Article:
The perfection of Diction is for it to be at once clear and not mean. The clearest indeed is that made up of the ordinary words for things, but it is mean... A certain admixture, accordingly, of unfamiliar terms is necessary. These, the strange word, the metaphor, the ornamental equivalent, etc., will save the language from seeming mean and prosaic, while the ordinary words in it will secure the requisite clearness. What helps most, however, to render the Diction at once clear and non-prosaic is the use of the lengthened, curtailed, and altered forms of words.

This extract is from Aristotle's Poetics and as you may have noticed they articulate his idea of an ideal Poetic Diction. I am having trouble understanding the last line and would greatly benefit if one could give an example of pairs of words that have opposing attributes (the attributes being lengthened and curtailed).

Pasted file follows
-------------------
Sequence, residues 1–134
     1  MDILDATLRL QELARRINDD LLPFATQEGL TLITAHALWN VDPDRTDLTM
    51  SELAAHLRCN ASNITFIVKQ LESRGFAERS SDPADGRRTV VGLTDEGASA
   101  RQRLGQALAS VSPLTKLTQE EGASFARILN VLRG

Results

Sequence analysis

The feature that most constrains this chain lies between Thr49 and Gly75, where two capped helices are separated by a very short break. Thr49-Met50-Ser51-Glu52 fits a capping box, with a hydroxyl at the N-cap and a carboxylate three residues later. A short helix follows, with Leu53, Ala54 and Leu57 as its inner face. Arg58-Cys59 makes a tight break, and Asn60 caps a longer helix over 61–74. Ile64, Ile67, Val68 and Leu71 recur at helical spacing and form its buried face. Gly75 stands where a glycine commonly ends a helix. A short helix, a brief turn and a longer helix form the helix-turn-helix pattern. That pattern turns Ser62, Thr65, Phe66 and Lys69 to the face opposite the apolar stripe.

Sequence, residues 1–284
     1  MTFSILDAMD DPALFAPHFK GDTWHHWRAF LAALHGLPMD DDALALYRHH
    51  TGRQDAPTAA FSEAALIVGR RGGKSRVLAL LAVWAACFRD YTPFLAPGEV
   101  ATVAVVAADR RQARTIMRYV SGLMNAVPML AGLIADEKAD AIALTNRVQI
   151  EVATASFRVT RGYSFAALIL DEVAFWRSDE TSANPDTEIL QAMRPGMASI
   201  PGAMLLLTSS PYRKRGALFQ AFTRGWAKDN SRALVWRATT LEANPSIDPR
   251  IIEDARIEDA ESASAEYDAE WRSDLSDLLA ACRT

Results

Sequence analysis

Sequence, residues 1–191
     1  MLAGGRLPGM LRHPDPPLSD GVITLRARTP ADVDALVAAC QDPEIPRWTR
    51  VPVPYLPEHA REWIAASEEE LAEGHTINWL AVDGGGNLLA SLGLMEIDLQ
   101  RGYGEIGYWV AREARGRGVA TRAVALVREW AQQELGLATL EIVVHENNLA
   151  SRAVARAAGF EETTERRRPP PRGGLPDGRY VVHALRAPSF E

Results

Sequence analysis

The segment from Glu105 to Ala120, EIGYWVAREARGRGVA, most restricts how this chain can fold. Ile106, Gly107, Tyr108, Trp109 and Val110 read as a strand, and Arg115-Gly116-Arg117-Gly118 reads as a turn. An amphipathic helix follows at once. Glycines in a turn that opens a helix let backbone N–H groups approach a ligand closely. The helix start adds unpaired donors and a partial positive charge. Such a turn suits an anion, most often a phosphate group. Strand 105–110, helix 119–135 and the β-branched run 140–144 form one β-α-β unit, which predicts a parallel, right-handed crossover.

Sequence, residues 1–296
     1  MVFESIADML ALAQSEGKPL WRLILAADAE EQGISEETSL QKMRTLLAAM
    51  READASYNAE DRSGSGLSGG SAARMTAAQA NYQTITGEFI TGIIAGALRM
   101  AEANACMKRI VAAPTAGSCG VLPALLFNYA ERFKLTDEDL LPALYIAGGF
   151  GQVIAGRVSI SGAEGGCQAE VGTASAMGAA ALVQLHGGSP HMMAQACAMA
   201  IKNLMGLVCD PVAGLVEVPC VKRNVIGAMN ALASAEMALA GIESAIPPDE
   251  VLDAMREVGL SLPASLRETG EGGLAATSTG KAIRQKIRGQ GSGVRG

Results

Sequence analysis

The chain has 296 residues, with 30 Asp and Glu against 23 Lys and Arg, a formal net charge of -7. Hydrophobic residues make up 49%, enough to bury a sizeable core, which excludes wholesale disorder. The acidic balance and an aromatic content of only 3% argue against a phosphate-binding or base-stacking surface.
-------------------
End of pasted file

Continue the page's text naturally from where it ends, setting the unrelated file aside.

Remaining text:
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    Aristotle, of course, was writing in Greek, not English. I don't know clearly what he meant, but it could have been something which doesn't exist in Engtlish. – Colin Fine Apr 24 '16 at 20:37
  • Isn't there a contradiction when he writes that the words must be lengthened and curtailed? – model_checker Apr 24 '16 at 20:47
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    Agreed that those sound like opposites. He seems to be advocating variety. – Dodecaphone Apr 24 '16 at 20:52
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    I read it as "lengthened [or] curtailed [or] altered". In any case, if there is a problem in the English, this may be a problem introduced in the translation, or it may be an ambiguous rendering of ambiguous Greek, or it may represent something that the translator didn't fully understand in the Greek. It is not necessarily possible to resolve it in the English translation. – Colin Fine Apr 24 '16 at 20:53

This question is so broad to me...and I don't think he meant that one word could be lengthened and curtailed... But I'll give it a go:

1) lengthened= awesomesauce

2) curtailed= "ish" (noun or adjectival)

3) altered= shiznit

As to whether these are all clear and non-prosaic, that's for the reader to determine...

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